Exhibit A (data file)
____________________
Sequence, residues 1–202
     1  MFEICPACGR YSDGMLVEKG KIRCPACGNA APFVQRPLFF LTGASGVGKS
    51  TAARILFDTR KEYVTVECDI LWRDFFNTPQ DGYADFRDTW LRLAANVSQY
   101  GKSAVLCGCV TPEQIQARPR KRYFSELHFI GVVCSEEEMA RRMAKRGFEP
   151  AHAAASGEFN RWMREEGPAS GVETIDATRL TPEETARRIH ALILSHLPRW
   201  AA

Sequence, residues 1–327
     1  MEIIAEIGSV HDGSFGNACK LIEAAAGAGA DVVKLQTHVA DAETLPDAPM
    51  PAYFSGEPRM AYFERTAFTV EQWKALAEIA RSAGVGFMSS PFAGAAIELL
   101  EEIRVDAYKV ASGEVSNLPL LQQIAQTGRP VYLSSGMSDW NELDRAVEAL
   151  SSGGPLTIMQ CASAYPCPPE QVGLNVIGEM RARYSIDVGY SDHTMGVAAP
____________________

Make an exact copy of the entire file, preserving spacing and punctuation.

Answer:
Sequence, residues 1–202
     1  MFEICPACGR YSDGMLVEKG KIRCPACGNA APFVQRPLFF LTGASGVGKS
    51  TAARILFDTR KEYVTVECDI LWRDFFNTPQ DGYADFRDTW LRLAANVSQY
   101  GKSAVLCGCV TPEQIQARPR KRYFSELHFI GVVCSEEEMA RRMAKRGFEP
   151  AHAAASGEFN RWMREEGPAS GVETIDATRL TPEETARRIH ALILSHLPRW
   201  AA

Sequence, residues 1–327
     1  MEIIAEIGSV HDGSFGNACK LIEAAAGAGA DVVKLQTHVA DAETLPDAPM
    51  PAYFSGEPRM AYFERTAFTV EQWKALAEIA RSAGVGFMSS PFAGAAIELL
   101  EEIRVDAYKV ASGEVSNLPL LQQIAQTGRP VYLSSGMSDW NELDRAVEAL
   151  SSGGPLTIMQ CASAYPCPPE QVGLNVIGEM RARYSIDVGY SDHTMGVAAP